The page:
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Prove $$\frac{\sin3A}{\sin2A-\sin A} = 2\cos A+1$$

I am confused on what to do after changing $\sin 3A$ into $\sin(2A+A)$ and then applying the compound angle rule to make $\sin2A\cos A - \cos2A\sin A$. I also changed the $\sin2A$ in the denominator into $2\sin A\cos A$ using the double angle rule. What do I do now?

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We have

$$(\sin(2x)-\sin x)(2\cos x+1)=\left(\frac{e^{2ix}-e^{-2ix}-e^{ix}+e^{-ix}}{2i}\right)\left( e^{ix}+e^{-ix}+1\right)=\frac{e^{3ix}-e^{-3ix}}{2i}=\sin(3x)$$

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$$\frac{\sin 3A}{\sin 2A-\sin A}=\frac{\sin 3A}{2\sin A/2\cos 3A/2}\\=\frac{\sin 3A/2}{\sin A/2}=\frac{\sin A\cos A/2+\cos A\sin A/2}{\sin A/2}\\=\sin A\cot A/2+\cos A=2\cos^2A/2+\cos A=\cos A+1+\cos A=2\cos A+1$$

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$sin3A = 3sinA - 4sin^3A$, and $sin2A = 2sinAcosA$. So:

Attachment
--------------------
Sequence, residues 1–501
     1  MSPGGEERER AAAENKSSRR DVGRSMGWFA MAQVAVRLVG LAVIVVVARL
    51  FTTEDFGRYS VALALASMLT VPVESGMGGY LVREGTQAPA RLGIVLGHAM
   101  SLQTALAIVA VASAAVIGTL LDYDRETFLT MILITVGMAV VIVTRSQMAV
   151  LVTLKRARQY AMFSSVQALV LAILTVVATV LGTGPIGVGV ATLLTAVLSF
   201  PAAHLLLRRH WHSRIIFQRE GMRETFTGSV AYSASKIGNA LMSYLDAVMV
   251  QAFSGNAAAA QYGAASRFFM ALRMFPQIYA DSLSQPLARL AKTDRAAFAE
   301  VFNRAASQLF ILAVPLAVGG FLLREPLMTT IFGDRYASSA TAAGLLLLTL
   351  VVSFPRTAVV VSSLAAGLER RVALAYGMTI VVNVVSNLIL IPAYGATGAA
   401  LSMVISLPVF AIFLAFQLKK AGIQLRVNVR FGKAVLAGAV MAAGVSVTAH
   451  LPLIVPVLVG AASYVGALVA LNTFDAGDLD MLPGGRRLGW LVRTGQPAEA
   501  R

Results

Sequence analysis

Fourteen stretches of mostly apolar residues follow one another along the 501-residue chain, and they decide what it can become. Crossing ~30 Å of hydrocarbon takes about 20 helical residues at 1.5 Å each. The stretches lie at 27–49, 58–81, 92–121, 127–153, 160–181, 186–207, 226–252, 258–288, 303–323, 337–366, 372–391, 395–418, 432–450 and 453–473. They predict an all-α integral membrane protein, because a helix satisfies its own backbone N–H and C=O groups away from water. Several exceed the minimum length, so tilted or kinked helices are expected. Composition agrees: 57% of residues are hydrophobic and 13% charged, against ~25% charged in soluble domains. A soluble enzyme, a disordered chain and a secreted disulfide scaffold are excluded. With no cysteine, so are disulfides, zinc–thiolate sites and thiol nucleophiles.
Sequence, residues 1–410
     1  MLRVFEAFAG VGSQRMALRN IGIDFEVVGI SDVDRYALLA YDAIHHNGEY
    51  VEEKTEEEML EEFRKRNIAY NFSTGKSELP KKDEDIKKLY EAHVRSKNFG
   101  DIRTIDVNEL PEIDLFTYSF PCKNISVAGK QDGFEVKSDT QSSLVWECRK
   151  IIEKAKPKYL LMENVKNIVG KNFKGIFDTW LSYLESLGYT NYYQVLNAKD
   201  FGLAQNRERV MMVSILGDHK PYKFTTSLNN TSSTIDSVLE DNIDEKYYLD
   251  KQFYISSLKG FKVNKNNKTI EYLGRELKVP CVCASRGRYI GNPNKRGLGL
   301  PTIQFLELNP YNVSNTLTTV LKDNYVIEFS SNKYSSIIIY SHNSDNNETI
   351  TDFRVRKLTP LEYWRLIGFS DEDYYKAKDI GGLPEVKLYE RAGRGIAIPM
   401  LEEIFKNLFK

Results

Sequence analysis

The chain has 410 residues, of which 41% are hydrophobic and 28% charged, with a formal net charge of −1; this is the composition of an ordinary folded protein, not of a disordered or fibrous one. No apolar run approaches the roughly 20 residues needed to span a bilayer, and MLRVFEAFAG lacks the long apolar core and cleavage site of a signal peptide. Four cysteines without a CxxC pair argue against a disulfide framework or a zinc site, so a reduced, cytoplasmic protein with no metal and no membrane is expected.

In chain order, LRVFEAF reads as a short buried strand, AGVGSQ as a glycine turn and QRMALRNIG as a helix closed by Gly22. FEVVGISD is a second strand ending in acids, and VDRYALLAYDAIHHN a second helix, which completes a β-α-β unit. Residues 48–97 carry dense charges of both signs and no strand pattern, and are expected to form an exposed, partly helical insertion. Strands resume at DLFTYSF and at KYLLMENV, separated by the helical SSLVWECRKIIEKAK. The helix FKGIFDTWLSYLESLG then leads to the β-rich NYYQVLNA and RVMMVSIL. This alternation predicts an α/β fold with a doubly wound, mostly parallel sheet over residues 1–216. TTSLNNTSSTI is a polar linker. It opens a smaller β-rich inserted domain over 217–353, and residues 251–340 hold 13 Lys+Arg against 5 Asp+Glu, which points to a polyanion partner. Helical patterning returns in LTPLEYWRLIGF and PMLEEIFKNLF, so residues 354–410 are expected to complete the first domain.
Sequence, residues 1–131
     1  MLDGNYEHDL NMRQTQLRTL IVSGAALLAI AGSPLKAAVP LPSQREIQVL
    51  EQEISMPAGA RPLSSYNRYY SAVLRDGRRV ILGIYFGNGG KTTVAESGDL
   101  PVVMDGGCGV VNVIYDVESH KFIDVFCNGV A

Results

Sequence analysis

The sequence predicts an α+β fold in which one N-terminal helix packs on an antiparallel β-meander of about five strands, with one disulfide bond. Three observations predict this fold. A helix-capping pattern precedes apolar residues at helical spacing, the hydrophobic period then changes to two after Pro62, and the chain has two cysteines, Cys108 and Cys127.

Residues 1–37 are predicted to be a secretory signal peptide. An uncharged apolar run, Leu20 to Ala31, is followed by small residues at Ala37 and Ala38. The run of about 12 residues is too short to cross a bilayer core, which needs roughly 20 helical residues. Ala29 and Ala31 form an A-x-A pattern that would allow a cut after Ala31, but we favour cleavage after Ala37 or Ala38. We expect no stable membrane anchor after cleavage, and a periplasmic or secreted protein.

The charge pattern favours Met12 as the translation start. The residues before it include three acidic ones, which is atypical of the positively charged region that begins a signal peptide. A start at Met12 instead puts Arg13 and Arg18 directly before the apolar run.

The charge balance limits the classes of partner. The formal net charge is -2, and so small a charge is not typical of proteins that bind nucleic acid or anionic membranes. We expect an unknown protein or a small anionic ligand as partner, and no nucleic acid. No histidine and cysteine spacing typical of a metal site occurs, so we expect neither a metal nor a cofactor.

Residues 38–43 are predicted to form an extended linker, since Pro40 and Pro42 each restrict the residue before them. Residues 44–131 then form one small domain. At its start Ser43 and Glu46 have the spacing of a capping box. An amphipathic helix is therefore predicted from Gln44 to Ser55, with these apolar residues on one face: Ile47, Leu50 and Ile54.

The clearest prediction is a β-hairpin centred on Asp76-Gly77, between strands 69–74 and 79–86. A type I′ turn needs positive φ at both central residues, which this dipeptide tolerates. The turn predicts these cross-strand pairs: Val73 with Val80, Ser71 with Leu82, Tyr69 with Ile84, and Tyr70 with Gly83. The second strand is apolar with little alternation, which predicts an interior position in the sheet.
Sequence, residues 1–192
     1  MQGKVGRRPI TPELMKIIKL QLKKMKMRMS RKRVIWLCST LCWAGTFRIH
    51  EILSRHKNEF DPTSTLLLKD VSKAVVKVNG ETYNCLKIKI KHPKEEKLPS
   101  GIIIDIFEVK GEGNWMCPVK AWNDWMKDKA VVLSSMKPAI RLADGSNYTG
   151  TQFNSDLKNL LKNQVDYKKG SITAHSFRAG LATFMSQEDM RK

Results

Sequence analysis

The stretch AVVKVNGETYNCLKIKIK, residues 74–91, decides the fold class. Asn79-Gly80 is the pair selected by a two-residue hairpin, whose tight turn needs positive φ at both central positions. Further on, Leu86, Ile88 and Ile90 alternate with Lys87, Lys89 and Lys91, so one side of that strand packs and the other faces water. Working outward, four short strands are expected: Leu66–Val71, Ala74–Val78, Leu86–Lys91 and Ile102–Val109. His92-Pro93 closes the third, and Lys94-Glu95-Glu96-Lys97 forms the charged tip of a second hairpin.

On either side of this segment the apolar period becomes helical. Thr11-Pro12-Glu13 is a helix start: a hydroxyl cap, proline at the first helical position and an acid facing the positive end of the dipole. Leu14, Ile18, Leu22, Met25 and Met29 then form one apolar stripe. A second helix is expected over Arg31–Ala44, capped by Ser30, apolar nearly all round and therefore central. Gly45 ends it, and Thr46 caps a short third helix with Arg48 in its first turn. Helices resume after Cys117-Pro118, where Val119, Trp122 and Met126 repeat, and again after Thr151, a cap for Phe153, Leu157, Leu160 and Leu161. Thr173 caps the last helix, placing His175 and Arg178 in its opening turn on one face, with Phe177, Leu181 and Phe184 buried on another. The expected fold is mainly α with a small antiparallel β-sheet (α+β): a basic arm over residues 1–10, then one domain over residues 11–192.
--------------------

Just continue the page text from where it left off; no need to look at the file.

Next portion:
$LHS = \dfrac{3 - 4sin^2A}{2cosA - 1} = \dfrac{3 - 4(1 - cos^2A)}{2cosA - 1} = \dfrac{4cos^2A - 1}{2cosA - 1} = 2cosA + 1 = RHS$

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Hint:
Prove that: $$\big(2\cos A+1\big)\big(\sin(2A)-\sin A\big)=3\sin a -4\sin^3a\ ,$$ Then use the identity $$\sin (3a)=3\sin a -4\sin^3a$$ to conclude.

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Note that his can be done directly as follows: $$\sin 2A - \sin A=\sin A \cdot(2\cos A-1)$$

So you'd like to find a factor $\sin A$ to cancel from the numerator and express the remainder in terms of $\cos A$ - likely possible because the numerator is an odd function.

$$\sin 3A=\sin A \cos 2A+\cos A \sin 2A=\sin A\cdot(2\cos^2A-1)+2\sin A \cos^2 A=$$ now we have the right form, and you should be able to take it from there.

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